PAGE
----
A security incident at an Ohio Medicaid provider last month may have resulted in the theft of personal data.
Maximus was hired by the department to carry out data management. The company employs about 30,000 workers worldwide, with approximately 10,000 of those employees working at 11 call centers in nine states in the United States.
Information exposed in the incident included names, dates of birth and Social Security numbers belonging to the state’s Medicaid providers. Maximus said the breached data could have been stolen.
Data concerning Medicaid patients or beneficiaries was not affected by the security incident, which occurred from May 17 to May 19, when it was detected by Maximus.
The company said that “because the unauthorized activity was detected at a very early stage, Maximus believes our quick response limited potentially adverse impacts.”
The hacker accessed the information via an application. Once the intrusion had been detected, Maximus took the breached app offline and contacted law enforcement.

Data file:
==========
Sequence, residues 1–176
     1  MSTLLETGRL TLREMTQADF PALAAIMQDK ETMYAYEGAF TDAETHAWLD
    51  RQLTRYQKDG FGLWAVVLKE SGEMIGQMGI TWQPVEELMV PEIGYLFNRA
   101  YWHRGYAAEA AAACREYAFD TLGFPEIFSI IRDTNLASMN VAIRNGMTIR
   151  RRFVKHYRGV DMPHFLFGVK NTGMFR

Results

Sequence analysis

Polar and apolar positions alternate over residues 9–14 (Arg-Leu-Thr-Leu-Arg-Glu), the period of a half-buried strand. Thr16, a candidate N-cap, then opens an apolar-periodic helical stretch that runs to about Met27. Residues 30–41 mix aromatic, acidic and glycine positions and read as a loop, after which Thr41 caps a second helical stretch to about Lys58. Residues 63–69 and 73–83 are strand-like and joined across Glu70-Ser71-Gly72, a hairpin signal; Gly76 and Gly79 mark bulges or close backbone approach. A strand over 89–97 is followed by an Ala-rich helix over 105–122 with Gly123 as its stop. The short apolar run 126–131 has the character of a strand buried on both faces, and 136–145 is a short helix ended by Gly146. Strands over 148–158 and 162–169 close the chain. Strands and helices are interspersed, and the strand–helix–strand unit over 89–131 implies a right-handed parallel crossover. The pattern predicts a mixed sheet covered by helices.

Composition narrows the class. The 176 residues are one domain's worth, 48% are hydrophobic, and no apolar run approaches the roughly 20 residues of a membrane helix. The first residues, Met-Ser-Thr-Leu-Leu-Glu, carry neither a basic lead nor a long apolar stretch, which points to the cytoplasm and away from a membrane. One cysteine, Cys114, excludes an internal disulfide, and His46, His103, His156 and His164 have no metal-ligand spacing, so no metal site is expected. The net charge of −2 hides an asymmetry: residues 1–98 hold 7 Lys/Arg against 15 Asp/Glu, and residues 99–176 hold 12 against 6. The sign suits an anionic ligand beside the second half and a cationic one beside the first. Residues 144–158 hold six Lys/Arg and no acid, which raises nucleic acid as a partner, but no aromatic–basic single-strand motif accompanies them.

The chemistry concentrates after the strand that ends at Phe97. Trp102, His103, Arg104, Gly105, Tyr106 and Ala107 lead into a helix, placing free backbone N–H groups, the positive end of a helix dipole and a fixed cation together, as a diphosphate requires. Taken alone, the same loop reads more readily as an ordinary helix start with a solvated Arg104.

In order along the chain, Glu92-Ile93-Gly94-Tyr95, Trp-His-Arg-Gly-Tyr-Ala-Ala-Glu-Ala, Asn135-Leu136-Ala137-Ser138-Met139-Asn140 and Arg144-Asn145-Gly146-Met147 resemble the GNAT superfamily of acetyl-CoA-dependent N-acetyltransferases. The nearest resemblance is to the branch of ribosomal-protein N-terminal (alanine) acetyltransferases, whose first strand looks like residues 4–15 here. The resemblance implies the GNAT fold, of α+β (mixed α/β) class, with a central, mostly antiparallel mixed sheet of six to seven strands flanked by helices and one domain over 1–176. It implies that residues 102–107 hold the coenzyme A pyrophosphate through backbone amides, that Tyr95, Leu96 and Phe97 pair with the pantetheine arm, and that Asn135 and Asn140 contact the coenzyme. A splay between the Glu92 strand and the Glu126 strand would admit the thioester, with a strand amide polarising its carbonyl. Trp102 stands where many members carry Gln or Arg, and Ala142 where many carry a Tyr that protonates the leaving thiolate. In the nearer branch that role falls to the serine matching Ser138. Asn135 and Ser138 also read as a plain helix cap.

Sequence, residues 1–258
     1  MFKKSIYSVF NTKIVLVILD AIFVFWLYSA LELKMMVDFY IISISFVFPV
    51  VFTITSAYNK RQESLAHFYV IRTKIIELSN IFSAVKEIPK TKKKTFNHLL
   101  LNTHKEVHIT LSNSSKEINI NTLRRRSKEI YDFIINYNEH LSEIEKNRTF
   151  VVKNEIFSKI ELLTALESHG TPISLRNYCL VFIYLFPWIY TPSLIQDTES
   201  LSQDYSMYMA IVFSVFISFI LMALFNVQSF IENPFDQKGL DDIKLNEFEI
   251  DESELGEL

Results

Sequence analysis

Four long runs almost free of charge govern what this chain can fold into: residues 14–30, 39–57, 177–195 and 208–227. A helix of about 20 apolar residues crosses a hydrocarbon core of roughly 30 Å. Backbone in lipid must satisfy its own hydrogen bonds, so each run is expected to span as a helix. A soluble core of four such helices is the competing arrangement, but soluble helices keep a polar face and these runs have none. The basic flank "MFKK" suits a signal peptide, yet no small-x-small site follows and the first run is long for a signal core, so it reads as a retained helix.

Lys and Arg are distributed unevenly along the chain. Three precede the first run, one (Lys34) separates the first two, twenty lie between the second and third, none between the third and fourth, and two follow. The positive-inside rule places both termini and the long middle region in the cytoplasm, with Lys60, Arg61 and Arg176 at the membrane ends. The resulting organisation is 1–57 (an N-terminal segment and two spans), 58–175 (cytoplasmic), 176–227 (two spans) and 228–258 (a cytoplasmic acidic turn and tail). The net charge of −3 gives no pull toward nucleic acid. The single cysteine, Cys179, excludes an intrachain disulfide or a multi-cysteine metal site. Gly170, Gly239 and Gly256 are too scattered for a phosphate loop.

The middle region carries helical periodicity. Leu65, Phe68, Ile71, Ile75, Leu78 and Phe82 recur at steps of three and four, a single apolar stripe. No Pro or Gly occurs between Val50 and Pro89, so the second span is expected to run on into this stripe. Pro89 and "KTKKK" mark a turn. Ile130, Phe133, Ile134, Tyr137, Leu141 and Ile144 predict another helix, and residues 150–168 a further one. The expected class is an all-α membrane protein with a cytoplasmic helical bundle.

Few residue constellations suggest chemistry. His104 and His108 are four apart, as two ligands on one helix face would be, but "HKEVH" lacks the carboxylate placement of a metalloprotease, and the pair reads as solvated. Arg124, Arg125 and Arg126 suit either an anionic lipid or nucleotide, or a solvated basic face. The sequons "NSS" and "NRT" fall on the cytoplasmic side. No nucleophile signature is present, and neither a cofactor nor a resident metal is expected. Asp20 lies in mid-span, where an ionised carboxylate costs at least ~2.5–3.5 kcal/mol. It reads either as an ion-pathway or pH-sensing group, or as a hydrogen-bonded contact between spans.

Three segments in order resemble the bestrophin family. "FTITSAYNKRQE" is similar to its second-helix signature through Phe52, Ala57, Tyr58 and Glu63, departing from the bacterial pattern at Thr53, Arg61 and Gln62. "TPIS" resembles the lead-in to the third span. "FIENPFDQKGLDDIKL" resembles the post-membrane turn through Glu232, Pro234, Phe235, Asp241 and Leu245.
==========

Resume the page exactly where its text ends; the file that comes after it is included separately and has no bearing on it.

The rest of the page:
An investigation into the data breach was launched and is being monitored by the Medicaid department.
Individuals who were impacted by the incident are being offered two years of free credit monitoring services.
In May 2018, Maximus notified thousands of patients of a data breach caused by a printing error. The error resulted in some participants in Medicaid and the Children’s Health Insurance Program (CHIP) receiving part of a letter meant for another participant.
The error impacted letters prepared and mailed by the data company’s print vendor, Business Ink, between February 10 and February 13, 2018. By accidentally mismatching one page of a six-page letter, Business Ink exposed names, addresses, group and case numbers, and program types.
Maximus was founded in 1975 and has offices in nine countries. It is the leading administrator of Medicaid enrollment broker services in the United States and answers more than seven million calls per month at its contact centers.